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Child labour and school attendance: evidence from Bangladesh

  • Khanam, Rasheda

Purpose – The objective of this paper is to understand better the determinants of child labour and schooling in Bangladesh. Design/methodology/approach – This paper uses data from a survey based in rural Bangladesh and considers the children aged 5-17 years living in rural households in which the mother and father are both present. The sample size is 1,628 children. A multinomial logit model is used to estimate the determinants of schooling and working, combining schooling and work, or doing nothing for 5-17 years old children. Findings – The results show that the education of parents significantly increases the probability that a school-age child will specialise in study. The presence of very young children (aged 0-4) in the household increases the likelihood that a school-age child will combine study with work. The significant and positive gender coefficient suggests that girls are more likely than boys to combine schooling with work. The children who are sons and daughters of the household-head, as opposed to being relatives living in the household are more likely to combine study and work but less likely to specialise in work. Originality/value – The existing anti-child labour policies mainly focus on the lowering of the demand for child labour in Bangladesh. The focus of this paper is, however, on the supply side of child labour, particularly on the use of child labour in the agricultural sector and the household sector where children are mainly employed by their parents. Unlike most of the existing studies on child labour, this paper considers housework and non-market works in the definition of child labour

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Paper provided by University Library of Munich, Germany in its series MPRA Paper with number 6990.

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Date of creation: 2006
Date of revision: 2007
Publication status: Published in International Journal of Social Economics 1/2.35(2008): pp. 77-98
Handle: RePEc:pra:mprapa:6990
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  1. Pushkar Maitra & Ranjan Ray, 2002. "The Joint Estimation of Child Participation in Schooling and Employment: Comparative Evidence from Three Continents," Oxford Development Studies, Taylor & Francis Journals, vol. 30(1), pages 41-62.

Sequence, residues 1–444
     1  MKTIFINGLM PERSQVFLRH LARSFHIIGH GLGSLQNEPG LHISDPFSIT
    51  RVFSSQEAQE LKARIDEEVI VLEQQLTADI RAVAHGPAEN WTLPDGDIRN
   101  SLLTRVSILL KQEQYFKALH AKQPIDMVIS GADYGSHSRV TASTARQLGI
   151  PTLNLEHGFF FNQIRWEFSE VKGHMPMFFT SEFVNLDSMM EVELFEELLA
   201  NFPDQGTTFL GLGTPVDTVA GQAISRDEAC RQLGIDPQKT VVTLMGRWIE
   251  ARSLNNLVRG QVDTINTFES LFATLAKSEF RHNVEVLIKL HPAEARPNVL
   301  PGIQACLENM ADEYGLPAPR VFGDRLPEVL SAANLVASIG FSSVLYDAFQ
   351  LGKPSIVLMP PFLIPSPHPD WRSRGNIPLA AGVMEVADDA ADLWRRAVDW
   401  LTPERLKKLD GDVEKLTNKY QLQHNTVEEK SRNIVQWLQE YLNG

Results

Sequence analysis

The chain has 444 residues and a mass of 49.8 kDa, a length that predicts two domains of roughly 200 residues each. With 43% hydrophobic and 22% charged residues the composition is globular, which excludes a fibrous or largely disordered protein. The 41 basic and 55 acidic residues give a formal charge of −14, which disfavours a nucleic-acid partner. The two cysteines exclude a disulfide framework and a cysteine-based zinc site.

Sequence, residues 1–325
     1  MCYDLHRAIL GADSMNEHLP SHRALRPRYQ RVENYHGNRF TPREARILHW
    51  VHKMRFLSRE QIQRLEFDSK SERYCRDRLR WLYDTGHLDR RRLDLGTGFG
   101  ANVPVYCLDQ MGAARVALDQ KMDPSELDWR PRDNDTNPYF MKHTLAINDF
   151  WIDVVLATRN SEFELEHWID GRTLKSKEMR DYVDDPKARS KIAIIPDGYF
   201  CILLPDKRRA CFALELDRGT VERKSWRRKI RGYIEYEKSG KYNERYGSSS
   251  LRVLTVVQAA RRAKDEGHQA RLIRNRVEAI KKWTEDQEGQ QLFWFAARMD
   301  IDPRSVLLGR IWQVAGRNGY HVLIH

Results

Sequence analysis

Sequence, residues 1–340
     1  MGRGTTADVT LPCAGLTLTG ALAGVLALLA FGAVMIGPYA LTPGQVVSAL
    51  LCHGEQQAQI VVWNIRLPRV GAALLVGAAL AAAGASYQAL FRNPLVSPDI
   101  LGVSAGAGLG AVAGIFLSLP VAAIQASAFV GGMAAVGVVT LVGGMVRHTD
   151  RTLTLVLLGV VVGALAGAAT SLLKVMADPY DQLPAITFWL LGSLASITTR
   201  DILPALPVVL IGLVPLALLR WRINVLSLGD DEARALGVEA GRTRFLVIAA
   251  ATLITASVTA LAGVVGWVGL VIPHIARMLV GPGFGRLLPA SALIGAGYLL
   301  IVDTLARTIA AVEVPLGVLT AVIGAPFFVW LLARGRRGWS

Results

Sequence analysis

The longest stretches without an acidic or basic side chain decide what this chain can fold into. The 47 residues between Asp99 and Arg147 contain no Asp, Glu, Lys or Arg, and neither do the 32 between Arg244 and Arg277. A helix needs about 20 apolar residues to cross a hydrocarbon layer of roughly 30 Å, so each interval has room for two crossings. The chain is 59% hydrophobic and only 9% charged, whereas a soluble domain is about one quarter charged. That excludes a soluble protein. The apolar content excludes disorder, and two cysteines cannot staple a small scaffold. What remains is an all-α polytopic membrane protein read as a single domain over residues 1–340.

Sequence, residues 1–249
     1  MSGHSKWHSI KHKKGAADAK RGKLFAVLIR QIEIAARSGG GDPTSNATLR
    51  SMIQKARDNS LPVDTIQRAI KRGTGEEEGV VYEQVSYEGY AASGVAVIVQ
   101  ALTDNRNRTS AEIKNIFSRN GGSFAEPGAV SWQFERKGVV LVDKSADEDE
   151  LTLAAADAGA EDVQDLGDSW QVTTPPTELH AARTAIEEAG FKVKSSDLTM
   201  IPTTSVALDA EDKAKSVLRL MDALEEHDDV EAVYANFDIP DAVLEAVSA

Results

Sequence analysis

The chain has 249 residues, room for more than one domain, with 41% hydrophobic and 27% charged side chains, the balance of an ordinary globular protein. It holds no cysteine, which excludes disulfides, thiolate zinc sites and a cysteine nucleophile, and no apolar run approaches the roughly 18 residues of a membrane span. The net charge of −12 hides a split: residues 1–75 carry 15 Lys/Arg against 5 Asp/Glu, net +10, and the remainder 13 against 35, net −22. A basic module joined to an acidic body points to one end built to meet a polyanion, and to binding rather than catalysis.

2. Khanam, Rasheda, 2005. "Child Labour in Bangladesh: Trends, Patterns and Policy Options," MPRA Paper 8008, University Library of Munich, Germany.
  3. Blunch, Niels-Hugo & Verner, Dorthe, 2001. "Revisiting the Link Between Poverty and Child Labor: The Ghanaian Experience," CLS Working Papers 01-3, University of Aarhus, Aarhus School of Business, Centre for Labour Market and Social Research.
  4. Ravallion, Martin & Wodon, Quentin, 1999. "Does child labor displace schooling? - evidence on behavioral responses to an enrollment subsidy," Policy Research Working Paper Series 2116, The World Bank.
  5. Becker, Gary S & Lewis, H Gregg, 1973. "On the Interaction between the Quantity and Quality of Children," Journal of Political Economy, University of Chicago Press, vol. 81(2), pages S279-88, Part II, .
  6. E. delap, 2001. "Economic and Cultural Forces in the Child Labour Debate: Evidence from Urban Bangladesh," Journal of Development Studies, Taylor & Francis Journals, vol. 37(4), pages 1-22.
  7. Khanam, Rasheda & Ross, Russell, 2005. "Impact of Child Labour on School Attendance and School Attainment: Evidence from Bangladesh," MPRA Paper 9397, University Library of Munich, Germany, revised Apr 2008.
  8. De Tray, Dennis N, 1973. "Child Quality and the Demand for Children," Journal of Political Economy, University of Chicago Press, vol. 81(2), pages S70-95, Part II, .
  9. Claire Salmon, 2005. "Child Labor in Bangladesh," Journal of Developing Societies, , vol. 21(1-2), pages 33-54, June.
  10. Shahina Amin & M. Shakil Quayes & Janet M. Rives, 2004. "Poverty and Other Determinants of Child Labor in Bangladesh," Southern Economic Journal, Southern Economic Association, vol. 70(4), pages 876-892, April.
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